Many in Hollywood are rooting for John Kerry in today’s election because of his friendly relationship with the entertainment industry. But what if someone even closer to showbiz made a bid for the White House?
Some Republicans are already thinking about a President Arnold Schwarzenegger.
No matter whether George W. Bush or Kerry wins this race, in 2008 the Republican party will be looking for a presidential candidate.
There’s just one obvious hitch: The Constitution would have to be amended to allow the Austrian-born bodybuilder-turned-action star-turned-politician to hold the nation’s highest office.
Schwarzenegger has been typically coy about whether he has higher political ambitions, saying he’d like to run but staying quiet on whether he’d campaign for a constitutional amendment.
Coyness has become something of a political trademark for Schwarzenegger. Remember how he convinced the world that he was going on “The Tonight Show With Jay Leno” in August 2003 to say he wasn’t interested in running for governor?
But asked whether he would campaign for a the amendment allowing him to serve, he said outright on Monday, “I won’t campaign for it.”
He added: “It will become too political with me as part of it. I don’t want it to be the Arnold Amendment.”
That approach is similar to the one he took with the recall. Schwarzenegger left his intentions vague while others secured a place on the ballot for the recall measure.
Of course, amending the Constitution and qualifying a ballot measure are two very different beasts. The Constitution has only been amended 27 times in the nation’s history and only five times in the last 50 years. The process, which the framers intentionally designed to be arduous, would first require a two-thirds vote of both the U.S. House and Senate and then ratification of both houses of the legislatures in 38 states.
(Another way would be to hold a constitutional convention, but that method is highly unlikely.)
Even if an amendment garnered enough congressional support, before Tuesday’s elections Democrats controlled at least one legislative house in 28 states, and the party would understandably be wary of ratifying an amendment that would in effect create a blockbuster presidential candidate they’d have to face in 2008.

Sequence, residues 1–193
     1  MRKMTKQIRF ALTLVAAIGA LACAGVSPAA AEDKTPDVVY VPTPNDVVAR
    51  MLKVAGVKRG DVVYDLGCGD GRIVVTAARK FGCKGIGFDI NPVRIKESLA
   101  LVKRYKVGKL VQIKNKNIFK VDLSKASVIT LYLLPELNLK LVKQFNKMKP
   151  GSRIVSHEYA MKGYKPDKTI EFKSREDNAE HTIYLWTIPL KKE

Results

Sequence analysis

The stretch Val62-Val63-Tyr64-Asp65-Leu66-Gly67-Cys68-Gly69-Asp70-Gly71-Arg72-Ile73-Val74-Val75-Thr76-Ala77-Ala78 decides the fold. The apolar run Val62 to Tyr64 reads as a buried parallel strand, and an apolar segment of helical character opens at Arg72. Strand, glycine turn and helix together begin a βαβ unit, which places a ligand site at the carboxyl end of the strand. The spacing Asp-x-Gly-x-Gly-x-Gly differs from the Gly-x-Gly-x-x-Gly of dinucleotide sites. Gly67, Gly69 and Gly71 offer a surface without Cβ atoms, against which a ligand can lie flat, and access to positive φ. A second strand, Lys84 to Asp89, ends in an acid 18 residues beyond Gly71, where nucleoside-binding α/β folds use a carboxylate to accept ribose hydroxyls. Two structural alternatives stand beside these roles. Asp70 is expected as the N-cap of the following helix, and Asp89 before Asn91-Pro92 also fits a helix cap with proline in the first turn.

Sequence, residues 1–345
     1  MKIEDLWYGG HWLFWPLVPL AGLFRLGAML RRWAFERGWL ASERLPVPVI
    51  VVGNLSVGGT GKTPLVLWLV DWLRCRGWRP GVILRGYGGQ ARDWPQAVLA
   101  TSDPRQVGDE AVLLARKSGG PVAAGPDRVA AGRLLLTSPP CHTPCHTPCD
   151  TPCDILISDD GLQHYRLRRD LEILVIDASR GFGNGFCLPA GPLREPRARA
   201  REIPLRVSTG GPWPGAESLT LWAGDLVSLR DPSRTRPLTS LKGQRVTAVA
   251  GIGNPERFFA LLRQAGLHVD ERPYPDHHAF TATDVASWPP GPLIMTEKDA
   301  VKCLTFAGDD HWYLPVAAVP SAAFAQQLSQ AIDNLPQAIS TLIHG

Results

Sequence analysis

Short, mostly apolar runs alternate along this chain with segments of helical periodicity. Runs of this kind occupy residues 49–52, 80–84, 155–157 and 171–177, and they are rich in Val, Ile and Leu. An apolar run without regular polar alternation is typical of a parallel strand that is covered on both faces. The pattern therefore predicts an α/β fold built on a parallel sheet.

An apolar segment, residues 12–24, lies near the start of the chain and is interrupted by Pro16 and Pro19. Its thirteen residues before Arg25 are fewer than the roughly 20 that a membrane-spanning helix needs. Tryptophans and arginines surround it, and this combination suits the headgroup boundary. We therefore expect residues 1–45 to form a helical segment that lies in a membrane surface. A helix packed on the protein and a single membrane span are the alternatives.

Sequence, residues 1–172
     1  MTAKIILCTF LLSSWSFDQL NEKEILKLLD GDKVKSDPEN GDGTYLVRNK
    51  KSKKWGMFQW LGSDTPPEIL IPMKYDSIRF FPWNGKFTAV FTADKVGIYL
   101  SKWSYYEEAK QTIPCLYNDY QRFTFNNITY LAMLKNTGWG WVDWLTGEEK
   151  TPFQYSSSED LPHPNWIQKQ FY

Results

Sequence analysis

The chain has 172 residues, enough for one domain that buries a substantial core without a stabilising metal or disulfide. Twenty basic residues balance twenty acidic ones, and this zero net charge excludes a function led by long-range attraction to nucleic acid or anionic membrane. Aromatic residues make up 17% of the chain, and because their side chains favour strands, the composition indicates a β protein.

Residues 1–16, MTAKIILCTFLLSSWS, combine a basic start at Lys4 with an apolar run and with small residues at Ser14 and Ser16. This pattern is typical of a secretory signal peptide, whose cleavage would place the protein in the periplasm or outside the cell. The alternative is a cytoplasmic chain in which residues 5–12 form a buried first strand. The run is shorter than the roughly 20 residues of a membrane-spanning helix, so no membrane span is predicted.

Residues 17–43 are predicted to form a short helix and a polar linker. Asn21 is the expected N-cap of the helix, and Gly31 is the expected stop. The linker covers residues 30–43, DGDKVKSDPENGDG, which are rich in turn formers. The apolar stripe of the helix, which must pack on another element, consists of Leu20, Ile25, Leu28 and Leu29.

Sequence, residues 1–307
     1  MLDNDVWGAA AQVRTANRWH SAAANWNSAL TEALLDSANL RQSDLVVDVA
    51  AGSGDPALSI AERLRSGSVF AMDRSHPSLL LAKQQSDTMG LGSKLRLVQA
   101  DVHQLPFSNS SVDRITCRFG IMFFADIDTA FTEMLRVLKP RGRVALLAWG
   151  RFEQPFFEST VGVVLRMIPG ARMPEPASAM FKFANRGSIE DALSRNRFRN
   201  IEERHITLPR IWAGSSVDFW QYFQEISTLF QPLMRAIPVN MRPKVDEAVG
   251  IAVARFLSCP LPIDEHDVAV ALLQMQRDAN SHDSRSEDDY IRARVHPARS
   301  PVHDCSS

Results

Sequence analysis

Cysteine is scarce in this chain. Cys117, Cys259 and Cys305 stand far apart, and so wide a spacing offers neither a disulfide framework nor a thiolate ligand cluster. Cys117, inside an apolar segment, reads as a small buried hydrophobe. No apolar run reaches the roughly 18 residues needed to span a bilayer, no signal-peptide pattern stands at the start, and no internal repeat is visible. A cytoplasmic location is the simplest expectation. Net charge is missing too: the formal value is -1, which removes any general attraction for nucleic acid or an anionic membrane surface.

Efforts already under way in Congress are making little headway. During this session of Congress, Sen. Orrin Hatch (R-Utah) introduced an amendment that would allow immigrants who have been citizens for 20 or more years (Schwarzenegger celebrated the 20th anniversary of his citizenship last year) to run.
Another bill in the House, supported by Rep. Barney Frank (D-Mass.), would require 35 years of citizenship, which would disqualify Schwarzenegger until the 2020 cycle, when he’ll be 73 years old.
Neither bill, however, is expected to be acted upon before the congressional session ends.
‘Absolutely’ wants to run
But whether Schwarzenegger campaigns for an amendment or not, he will surely loom over any debate, especially as he has made clear that he wants to run for president.
Sunday on CBS’ “60 Minutes,” he responded, “Yes, absolutely,” when asked if he’d like to run for president. He added: “I think, you know, because why not? I mean, you know, anyone with my way of thinking, you always shoot for the top. But it’s not something that I am preoccupied with.”
Republican consultant Allan Hoffenblum argues the Governator makes passing an amendment more probable.
“Like Nixon going to China, it would a take a strong Republican to force the issue,” he said. “If this was about a female Democratic governor from Canada, there would be no impetus for the Republicans to do it,” Hoffenblum said.
Pressure on Dems
While Republicans eager to have Schwarzenegger on their ticket would support the measure, he said Democrats who court the support of immigrants would also feel pressure to ratify.
Hoffenblum said the first sign of whether Schwarzenegger has presidential ambitions will come next year, when he announces whether he’ll run for re-election in 2006.
“There’s a lot of people who don’t think he’ll run for re-election,” he said. But in order to stay viable as a presidential candidate, he said, Schwarzenegger would need to stay in political office.
Still, whatever Schwarzenegger’s intentions are, legal observers warn against printing up “Arnold ’08” bumper stickers just yet. Allan Ides, a law professor at Loyola Law School in Los Angeles, said a constitutional amendment in time is unlikely.
But there’s always 2012.